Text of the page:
US20090182240A1 (en) * 2008-01-16 2009-07-16 Samsung Electronics Co., Ltd. Apparatus and sensor for measuring biological signal and apparatus and method for measuring pulse wave velocity
JP2015091337A (en) * 2007-07-13 2015-05-14 オール プロテクト,リミティド ライアビリティ カンパニー Apparatus for non-invasive spectroscopic measurement of analyte and method of the same

Citations (6)

* Cited by examiner, † Cited by third party
Publication number Priority date Publication date Assignee Title
US3556084A (en) * 1967-11-29 1971-01-19 Carl A Budde Medical pulse analyzing apparatus
US3796213A (en) * 1970-09-18 1974-03-12 F Stephens Perfusion monitor
US3810460A (en) * 1971-10-23 1974-05-14 Philips Corp Detector for physiological quantities
US3841314A (en) * 1973-07-16 1974-10-15 R Page Pulse activity indicator
FR2296396A1 (en) * 1974-12-31 1976-07-30 Boulaine Andre Heart beat self test appts. - using photoresistor to record blood opacity variations in thumb or finger
US4129124A (en) * 1976-03-23 1978-12-12 Elektro-Apparatebau Olten A.G. Pulse-rate indicator

Patent Citations (6)

* Cited by examiner, † Cited by third party
Publication number Priority date Publication date Assignee Title
US3556084A (en) * 1967-11-29 1971-01-19 Carl A Budde Medical pulse analyzing apparatus
US3796213A (en) * 1970-09-18 1974-03-12 F Stephens Perfusion monitor
US3810460A (en) * 1971-10-23 1974-05-14 Philips Corp Detector for physiological quantities
US3841314A (en) * 1973-07-16 1974-10-15 R Page Pulse activity indicator
FR2296396A1 (en) * 1974-12-31 1976-07-30 Boulaine Andre Heart beat self test appts. - using photoresistor to record blood opacity variations in thumb or finger
US4129124A (en) * 1976-03-23 1978-12-12 Elektro-Apparatebau Olten A.G. Pulse-rate indicator

Cited By (28)

* Cited by examiner, † Cited by third party
Publication number Priority date Publication date Assignee Title
US4541439A (en) * 1982-04-23 1985-09-17 American Home Products Corporation (Del.) Monitoring of capillary blood flow
US4703758A (en) * 1982-09-30 1987-11-03 Yoshiaki Omura Non-invasive monitoring of blood flow and cerebral blood pressure using ultra miniature reflection type photoelectric plethysmographic sensors or ultrasonic doppler flow meter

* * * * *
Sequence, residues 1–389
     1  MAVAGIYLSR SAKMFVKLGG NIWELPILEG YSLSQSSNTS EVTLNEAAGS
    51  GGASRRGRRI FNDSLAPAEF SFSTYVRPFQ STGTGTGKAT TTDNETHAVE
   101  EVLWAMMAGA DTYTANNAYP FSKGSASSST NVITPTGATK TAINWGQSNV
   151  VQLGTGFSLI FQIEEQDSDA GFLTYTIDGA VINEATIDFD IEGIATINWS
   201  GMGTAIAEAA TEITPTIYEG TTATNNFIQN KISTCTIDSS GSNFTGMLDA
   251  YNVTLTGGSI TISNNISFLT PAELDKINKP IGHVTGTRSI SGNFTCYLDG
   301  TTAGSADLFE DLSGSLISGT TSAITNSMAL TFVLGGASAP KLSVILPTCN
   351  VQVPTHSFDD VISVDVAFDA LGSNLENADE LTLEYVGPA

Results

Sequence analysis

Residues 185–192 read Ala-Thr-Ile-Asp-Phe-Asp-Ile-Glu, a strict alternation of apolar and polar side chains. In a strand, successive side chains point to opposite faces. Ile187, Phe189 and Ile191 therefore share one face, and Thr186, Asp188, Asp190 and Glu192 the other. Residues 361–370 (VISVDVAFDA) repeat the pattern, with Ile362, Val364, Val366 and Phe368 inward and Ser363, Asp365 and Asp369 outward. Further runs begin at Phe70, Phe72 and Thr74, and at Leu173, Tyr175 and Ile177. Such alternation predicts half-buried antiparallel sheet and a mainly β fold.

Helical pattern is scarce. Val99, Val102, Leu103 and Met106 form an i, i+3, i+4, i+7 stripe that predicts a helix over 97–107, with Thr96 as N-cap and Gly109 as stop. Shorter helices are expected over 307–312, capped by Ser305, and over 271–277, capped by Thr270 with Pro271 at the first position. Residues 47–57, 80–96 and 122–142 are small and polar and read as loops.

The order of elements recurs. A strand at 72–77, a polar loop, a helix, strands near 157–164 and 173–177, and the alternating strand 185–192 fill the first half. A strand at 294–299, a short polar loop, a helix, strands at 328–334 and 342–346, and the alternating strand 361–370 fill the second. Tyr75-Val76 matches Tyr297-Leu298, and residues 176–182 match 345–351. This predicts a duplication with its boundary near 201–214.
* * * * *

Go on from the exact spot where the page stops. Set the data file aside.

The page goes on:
US5349961A (en) 1983-10-14 1994-09-27 Somanetics Corporation Method and apparatus for in vivo optical spectroscopic examination
US5140989A (en) 1983-10-14 1992-08-25 Somanetics Corporation Examination instrument for optical-response diagnostic apparatus
US4817623A (en) 1983-10-14 1989-04-04 Somanetics Corporation Method and apparatus for interpreting optical response data
US4570638A (en) * 1983-10-14 1986-02-18 Somanetics Corporation Method and apparatus for spectral transmissibility examination and analysis
EP0204459A3 (en) * 1985-06-06 1988-04-06 The BOC Group, Inc. Oximeter finger probe
EP0204459A2 (en) * 1985-06-06 1986-12-10 The BOC Group, Inc. Oximeter finger probe
US4915116A (en) * 1988-07-06 1990-04-10 Misawa Homes Institute Of Research & Development Fingertip pulse wave sensor
US5080098A (en) * 1989-12-18 1992-01-14 Sentinel Monitoring, Inc. Non-invasive sensor
US5267566A (en) * 1991-03-07 1993-12-07 Maged Choucair Apparatus and method for blood pressure monitoring
US5584296A (en) * 1992-12-01 1996-12-17 Somanetics Corporation Patient sensor for optical cerebral oximeters and the like
DE4242083A1 (en) * 1992-12-14 1994-06-16 Marbach Hermann Dipl Ing Sensor device for measuring IR radiation reaction with human skin - has sensor element supported by mechanical or pneumatic spring for maintaining constant contact pressure against skin
US5465714A (en) * 1993-05-20 1995-11-14 Somanetics Corporation Electro-optical sensor for spectrophotometric medical devices
US5482034A (en) * 1993-05-28 1996-01-09 Somanetics Corporation Method and apparatus for spectrophotometric cerebral oximetry and the like
US5511546A (en) * 1993-09-20 1996-04-30 Hon; Edward H. Finger apparatus for measuring continuous cutaneous blood pressure and electrocardiogram electrode
EP0666055A2 (en) * 1994-02-03 1995-08-09 Omron Corporation A pulsimeter provided with or without a pedometer
EP0666055A3 (en) * 1994-02-03 1999-01-20 Omron Corporation A pulsimeter provided with or without a pedometer
US5795292A (en) * 1994-10-14 1998-08-18 Somanetics Corporation Method for improving signal-to-noise in clinical spectrometric procedures
US5697367A (en) * 1994-10-14 1997-12-16 Somanetics Corporation Specially grounded sensor for clinical spectrophotometric procedures
US5766131A (en) * 1995-08-04 1998-06-16 Seiko Epson Corporation Pulse-wave measuring apparatus
EP0823238A1 (en) * 1996-08-06 1998-02-11 Omron Corporation Pulse wave detecting device
JPH1142629A (en) * 1997-07-28 1999-02-16 Matsushita Electric Works Ltd Production of ceramic substrate
US6791462B2 (en) 2002-09-18 2004-09-14 Sang J. Choi Sleepy alarm system activated by heart pulse meter
US20070299322A1 (en) * 2003-11-18 2007-12-27 Sony Corporation Input Device, Input Method, And Electronic Device
JP2007244600A (en) * 2006-03-15 2007-09-27 Fujitsu Ltd Pulse wave detection method and pulse wave detector
JP2015091337A (en) * 2007-07-13 2015-05-14 オール プロテクト,リミティド ライアビリティ カンパニー Apparatus for non-invasive spectroscopic measurement of analyte and method of the same
US20090182240A1 (en) * 2008-01-16 2009-07-16 Samsung Electronics Co., Ltd. Apparatus and sensor for measuring biological signal and apparatus and method for measuring pulse wave velocity